American Sign Language

As an Honors student at DePaul, I am required to take a sequence of language courses that end in me reaching intermediate proficiency. For this requirement, I chose to focus on American Sign Language even though I had no prior knowledge of the language. As I finish my second quarter of ASL, I can honestly say it is nothing like I thought it would be. When I used to think about sign language, I thought of charades, miming, and trying to convey English words through body movements and hand signals. This is a huge misconception, and ASL is actually a complex, beautiful language of its own. It does not exactly mirror English as I had initially thought, but uses its own syntax and contains unique differences from English.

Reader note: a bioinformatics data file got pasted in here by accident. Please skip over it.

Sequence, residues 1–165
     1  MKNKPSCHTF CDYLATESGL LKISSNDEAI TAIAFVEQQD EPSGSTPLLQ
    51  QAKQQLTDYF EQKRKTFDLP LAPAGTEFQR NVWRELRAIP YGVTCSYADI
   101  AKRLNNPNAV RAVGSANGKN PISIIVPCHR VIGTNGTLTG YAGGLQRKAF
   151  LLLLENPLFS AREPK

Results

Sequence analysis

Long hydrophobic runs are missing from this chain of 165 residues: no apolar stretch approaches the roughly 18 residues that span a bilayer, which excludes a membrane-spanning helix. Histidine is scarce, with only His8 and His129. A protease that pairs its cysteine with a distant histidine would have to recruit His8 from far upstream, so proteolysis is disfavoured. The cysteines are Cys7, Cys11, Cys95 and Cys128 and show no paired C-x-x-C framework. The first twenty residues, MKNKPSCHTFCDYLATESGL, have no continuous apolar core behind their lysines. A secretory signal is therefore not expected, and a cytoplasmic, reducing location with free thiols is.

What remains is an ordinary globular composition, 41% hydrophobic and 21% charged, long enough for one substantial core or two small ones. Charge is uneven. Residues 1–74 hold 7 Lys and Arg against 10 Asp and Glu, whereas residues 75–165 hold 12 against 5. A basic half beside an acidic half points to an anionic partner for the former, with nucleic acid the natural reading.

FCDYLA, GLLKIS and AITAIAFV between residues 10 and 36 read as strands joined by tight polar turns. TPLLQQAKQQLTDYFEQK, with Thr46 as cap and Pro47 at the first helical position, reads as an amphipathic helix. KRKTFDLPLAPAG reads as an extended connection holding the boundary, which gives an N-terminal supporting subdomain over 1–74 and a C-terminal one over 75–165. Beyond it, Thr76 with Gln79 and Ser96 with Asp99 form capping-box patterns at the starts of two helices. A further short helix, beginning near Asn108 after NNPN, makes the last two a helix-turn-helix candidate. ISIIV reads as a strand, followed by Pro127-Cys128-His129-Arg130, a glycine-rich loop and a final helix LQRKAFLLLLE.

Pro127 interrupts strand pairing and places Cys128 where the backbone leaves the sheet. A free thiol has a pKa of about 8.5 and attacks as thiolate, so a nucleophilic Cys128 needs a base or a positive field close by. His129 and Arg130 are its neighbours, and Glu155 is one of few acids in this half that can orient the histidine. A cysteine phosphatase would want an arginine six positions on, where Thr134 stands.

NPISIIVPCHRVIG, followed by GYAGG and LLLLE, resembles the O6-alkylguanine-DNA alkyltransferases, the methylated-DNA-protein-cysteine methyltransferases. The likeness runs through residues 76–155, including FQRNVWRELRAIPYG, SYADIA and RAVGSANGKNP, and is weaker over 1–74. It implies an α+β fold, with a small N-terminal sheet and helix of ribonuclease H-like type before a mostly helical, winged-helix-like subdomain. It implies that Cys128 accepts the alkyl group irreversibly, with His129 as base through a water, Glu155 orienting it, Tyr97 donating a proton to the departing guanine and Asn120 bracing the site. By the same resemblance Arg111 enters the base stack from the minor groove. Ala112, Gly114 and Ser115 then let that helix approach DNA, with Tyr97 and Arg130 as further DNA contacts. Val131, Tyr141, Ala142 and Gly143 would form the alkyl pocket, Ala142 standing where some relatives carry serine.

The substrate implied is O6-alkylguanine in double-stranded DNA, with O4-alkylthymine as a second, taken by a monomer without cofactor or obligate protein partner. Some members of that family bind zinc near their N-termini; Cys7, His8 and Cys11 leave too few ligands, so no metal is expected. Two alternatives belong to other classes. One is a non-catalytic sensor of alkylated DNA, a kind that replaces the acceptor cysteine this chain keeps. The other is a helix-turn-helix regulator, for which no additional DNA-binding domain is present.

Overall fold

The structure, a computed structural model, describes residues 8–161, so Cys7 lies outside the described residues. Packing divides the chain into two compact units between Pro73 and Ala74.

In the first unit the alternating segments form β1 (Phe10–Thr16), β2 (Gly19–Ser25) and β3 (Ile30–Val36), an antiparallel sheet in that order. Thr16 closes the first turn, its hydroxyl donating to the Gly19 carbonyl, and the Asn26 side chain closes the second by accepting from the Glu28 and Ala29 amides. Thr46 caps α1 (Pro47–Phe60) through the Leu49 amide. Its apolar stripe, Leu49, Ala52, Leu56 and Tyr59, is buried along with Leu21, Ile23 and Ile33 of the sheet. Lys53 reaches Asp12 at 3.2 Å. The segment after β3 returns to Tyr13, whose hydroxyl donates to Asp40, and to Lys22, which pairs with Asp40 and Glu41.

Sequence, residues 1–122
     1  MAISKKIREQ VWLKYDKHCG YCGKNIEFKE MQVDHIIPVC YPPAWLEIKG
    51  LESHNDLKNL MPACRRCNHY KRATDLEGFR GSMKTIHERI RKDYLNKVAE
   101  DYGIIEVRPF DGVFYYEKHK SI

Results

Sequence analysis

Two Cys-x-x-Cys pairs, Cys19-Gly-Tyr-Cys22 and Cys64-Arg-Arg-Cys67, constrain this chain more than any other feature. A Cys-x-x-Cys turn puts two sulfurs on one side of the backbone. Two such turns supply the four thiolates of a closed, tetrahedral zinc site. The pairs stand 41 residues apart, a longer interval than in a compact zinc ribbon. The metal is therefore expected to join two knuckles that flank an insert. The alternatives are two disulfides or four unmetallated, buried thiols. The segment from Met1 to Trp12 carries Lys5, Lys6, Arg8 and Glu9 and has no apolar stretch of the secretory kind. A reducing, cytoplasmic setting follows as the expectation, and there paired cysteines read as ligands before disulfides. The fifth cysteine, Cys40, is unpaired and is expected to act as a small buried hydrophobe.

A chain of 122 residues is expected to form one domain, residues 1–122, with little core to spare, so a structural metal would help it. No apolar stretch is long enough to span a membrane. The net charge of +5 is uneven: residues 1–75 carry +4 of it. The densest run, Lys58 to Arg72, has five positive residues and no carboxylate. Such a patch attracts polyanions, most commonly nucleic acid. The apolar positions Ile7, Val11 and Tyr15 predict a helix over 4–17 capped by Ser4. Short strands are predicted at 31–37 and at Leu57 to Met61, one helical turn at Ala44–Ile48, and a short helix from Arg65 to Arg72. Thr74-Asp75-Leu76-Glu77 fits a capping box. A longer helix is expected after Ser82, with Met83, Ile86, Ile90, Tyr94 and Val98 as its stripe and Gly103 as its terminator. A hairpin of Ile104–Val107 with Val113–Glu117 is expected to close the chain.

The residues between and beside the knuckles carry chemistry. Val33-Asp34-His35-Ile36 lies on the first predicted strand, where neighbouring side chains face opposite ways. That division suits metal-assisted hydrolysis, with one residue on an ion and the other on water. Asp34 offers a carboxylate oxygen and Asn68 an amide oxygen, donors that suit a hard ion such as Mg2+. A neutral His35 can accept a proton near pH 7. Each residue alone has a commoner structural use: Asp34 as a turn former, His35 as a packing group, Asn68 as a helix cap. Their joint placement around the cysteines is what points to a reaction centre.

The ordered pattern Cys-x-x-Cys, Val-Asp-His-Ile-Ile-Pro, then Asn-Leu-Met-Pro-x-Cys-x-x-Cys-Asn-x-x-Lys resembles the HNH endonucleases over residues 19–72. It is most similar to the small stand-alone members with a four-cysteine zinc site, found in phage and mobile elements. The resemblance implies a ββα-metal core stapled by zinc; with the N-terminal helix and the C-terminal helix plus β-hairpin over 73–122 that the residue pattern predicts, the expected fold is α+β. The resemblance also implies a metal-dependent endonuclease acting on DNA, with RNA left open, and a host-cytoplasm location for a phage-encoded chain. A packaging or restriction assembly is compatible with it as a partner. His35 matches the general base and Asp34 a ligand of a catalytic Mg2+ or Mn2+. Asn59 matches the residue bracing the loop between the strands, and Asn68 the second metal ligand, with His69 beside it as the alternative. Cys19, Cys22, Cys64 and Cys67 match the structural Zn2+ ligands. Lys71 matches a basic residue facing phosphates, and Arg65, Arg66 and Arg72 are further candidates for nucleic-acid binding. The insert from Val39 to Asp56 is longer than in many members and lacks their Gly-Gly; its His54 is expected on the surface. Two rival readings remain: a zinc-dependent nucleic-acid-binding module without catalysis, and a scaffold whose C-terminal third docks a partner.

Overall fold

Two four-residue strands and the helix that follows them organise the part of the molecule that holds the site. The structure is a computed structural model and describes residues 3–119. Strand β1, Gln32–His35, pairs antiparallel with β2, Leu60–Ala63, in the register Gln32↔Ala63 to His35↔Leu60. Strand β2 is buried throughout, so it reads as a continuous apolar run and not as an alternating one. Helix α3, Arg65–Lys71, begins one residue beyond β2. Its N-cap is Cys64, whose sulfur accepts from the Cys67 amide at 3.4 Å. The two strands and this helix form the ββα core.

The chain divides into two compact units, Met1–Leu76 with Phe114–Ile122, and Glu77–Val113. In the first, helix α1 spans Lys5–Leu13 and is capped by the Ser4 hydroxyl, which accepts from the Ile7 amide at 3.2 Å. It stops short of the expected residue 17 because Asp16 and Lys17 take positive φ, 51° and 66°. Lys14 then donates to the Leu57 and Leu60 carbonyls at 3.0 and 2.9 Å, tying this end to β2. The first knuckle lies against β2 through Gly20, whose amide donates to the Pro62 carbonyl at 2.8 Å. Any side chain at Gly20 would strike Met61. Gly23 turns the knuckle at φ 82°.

Another aspect of ASL at DePaul that was surprising for me is the idea of ‘deaf events.’ As a requirement for ASL classes, students must attend three of these events in which deaf people along with ASL students from all over Chicago interact and communicate with each other. We typically meet at either Starbucks or Blaze Pizza and spend a couple hours mingling and meeting new people. In most language classes, this would be completely unheard of. The opportunity to use what you are learning in class to communicate with others is incredibly helpful and I am glad that this is such an integral part of the classes I have taken. The ASL program at DePaul is truly a great program, and I would recommend taking an introductory class if you are at all interested!

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